BOZEMAN — Taco Dowler immediately saw daylight when he fielded a punt as time expired in the first quarter of Saturday's football game against Morehead State.
"I caught it and I was like, 'Oh, yeah,'" Dowler said. "I think that I said it out loud, actually. So I just ran to the right to see if I could score."
Wide receiver Willie Patterson said he put both hands straight in the air — signaling a touchdown — as Dowler caught the ball.
“We knew that they weren’t going to really try as much during special teams and we pride ourselves on special teams,” Patterson said Saturday. “So we knew we had a shot and a chance to open this game up and that’s what he did.”
Dowler returned the punt 67 yards for a touchdown to give Montana State a 28-0 lead. It also marked the first punt return touchdown for MSU since the 2013 season.
Dowler was named the Big Sky Special Teams Player of the Week on Monday. He credited his teammates with making his return “pretty easy” by setting some key blocks. Through two games, Dowler has returned three punts for 79 total yards and one touchdown.
MSU head coach Brent Vigen pointed to Dowler’s confidence as a returner throughout fall camp. He said there’s still plenty room to improve, such as Dowler calling for a fair catch on the 3-yard line in the second half, but is encouraged with what he’s seen through two games.
“(Dowler is) sure-handed and really calm,” Vigen said Monday. “And for us that was huge, the improvement in the return game.”
While Dowler, a Billings West graduate, was better known for returning kickoffs in high school — he returned three for touchdowns during his time at West — he said he’s been able to quickly adjust to returning punts in college after being named first-string on MSU’s depth chart.
He added that his time at West prepared him with a “base knowledge” that helped in the transition to the college level.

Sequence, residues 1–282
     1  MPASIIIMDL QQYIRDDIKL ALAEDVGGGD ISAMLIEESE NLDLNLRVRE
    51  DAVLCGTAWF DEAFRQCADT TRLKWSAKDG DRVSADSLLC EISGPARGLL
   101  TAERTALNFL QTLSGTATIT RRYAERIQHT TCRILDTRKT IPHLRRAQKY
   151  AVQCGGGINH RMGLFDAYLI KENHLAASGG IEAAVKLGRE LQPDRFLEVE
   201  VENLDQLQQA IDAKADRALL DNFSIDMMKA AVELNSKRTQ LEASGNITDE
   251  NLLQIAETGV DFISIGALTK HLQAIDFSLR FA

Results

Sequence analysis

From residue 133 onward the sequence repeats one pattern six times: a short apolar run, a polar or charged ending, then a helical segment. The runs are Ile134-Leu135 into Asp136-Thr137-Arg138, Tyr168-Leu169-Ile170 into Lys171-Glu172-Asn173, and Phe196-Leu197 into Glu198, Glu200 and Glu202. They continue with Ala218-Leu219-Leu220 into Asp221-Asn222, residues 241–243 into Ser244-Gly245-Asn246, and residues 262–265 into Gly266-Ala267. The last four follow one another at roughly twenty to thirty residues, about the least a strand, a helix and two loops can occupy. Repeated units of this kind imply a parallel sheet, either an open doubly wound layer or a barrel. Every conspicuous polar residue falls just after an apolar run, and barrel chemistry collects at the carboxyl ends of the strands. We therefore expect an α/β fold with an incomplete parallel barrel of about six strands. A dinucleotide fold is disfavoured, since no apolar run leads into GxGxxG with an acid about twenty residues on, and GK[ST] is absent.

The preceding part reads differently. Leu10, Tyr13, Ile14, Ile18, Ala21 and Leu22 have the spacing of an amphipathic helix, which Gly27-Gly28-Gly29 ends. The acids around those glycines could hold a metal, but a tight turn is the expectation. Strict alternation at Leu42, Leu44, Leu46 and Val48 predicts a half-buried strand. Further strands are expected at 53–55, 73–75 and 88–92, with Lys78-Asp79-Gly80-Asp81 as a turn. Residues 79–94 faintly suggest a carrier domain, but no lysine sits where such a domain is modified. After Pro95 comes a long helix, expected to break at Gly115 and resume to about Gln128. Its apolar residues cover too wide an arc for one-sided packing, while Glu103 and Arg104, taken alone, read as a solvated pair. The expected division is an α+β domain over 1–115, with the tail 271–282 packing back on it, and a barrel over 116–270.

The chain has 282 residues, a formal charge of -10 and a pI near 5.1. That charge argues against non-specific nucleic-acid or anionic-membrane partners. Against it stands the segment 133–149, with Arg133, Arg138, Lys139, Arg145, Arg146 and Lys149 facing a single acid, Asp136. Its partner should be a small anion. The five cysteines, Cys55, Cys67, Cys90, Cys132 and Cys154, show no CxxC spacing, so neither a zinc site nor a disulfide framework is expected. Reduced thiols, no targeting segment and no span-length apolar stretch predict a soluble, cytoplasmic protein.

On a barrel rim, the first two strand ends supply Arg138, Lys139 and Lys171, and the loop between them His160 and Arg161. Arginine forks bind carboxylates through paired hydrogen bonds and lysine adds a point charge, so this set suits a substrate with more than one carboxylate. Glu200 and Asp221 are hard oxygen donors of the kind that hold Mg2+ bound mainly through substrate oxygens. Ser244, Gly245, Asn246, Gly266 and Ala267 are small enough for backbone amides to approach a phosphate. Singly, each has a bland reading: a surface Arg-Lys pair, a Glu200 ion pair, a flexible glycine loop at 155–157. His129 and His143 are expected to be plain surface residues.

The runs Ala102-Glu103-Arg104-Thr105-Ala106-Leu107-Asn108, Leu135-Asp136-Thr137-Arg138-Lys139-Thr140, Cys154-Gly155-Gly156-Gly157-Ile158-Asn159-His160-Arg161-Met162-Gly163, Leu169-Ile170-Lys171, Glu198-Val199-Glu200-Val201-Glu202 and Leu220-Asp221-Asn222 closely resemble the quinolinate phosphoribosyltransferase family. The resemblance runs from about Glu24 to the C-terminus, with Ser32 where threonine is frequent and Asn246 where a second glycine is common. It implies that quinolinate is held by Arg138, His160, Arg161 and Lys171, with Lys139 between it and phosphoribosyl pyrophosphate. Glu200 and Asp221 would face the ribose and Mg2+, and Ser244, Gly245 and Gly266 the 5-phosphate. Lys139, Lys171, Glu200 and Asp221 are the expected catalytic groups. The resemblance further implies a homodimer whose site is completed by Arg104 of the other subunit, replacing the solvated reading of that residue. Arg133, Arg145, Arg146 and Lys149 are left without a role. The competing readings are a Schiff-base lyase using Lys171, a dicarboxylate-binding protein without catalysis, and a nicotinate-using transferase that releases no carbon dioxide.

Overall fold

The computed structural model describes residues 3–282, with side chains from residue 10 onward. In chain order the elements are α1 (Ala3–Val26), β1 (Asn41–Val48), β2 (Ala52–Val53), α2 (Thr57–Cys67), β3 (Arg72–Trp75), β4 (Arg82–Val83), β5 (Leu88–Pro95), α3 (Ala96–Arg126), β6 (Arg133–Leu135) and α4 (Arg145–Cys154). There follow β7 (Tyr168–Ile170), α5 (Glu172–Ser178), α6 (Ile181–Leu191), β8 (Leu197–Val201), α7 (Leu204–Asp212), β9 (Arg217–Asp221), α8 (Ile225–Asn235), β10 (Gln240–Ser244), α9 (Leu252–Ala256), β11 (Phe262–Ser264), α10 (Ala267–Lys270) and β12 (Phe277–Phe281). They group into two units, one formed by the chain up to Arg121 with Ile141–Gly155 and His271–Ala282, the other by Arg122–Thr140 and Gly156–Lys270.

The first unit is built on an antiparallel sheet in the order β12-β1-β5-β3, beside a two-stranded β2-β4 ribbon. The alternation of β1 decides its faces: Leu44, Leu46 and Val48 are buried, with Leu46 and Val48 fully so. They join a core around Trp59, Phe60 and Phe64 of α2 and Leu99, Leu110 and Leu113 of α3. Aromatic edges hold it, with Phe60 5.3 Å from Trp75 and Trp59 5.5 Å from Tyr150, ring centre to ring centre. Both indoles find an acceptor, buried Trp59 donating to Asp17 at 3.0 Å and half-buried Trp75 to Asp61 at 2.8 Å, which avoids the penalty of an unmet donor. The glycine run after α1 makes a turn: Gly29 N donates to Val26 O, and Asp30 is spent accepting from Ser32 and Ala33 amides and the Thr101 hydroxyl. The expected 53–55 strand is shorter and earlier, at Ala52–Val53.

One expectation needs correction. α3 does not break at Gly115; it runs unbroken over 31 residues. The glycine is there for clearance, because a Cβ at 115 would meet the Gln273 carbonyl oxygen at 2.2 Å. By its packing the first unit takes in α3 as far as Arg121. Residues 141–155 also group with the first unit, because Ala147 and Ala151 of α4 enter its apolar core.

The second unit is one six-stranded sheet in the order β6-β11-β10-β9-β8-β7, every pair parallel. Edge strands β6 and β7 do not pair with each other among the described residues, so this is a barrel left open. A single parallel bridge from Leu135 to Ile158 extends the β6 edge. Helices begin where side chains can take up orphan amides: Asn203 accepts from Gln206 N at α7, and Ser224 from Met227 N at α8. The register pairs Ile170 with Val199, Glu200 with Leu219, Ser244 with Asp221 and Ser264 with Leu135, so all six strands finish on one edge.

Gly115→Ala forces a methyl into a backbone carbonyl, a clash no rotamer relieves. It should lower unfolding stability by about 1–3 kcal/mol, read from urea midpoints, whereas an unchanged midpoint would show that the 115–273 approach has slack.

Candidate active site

“Obviously, I’ve learned so much (at MSU),” Dowler said. “But just going to Billings West set me up for success.”
He’s also leaned on his older teammates, such as former MSU punt returners Coy Steel and Patterson. Dowler said he sits next to Steel during team meetings and uses him as a sounding board for any questions he may have. He added that wide receivers Clevan Thomas Jr. and Ravi Alston have tremendously boosted his confidence.
Still, when Dowler entered the game to return his first punt against McNeese State in the season opener, he couldn’t help but feel some nerves. He quickly re-calibrated, though, and that’s paid dividends thus far.
“At the end of the day, I just kind of remembered that I worked for it,” Dowler said. “So just be confident (as a returner), that’s the main thing.”
Vigen confirmed Monday that San Diego State transfer running back Kaegun Williams has been ruled out for the rest of the season. Williams has been dealing with neck stiffness since fall camp and was seen wearing a neck brace at practice.
True freshman running back Jared White will also be out “at least a couple months” with a lower leg injury, Vigen said. White went down following his first carry in Saturday’s game and was helped off the field, finishing the game in a boot. Vigen said the injury is “fairly serious” and will better know the severity and return timetable later this week.
Elsewhere, Vigen said that running back Lane Sumner will miss at least the next game against Oregon State. Sumner suffered an elbow injury in practice last week and missed the game against Morehead State.
In their stead, Elijah Elliott is listed as the starter against OSU. Garrett Coon, who’s been out for an undisclosed reason, returned to practice this week and is listed as Elliott’s backup.
With MSU now missing four running backs — All-American Isaiah Ifanse, Williams, Sumner and White — Vigen said the Bobcats will have to get “really creative” when finding ways to run the ball. That starts this weekend against OSU, a team that might have the best front seven the Bobcats face all season, Vigen said.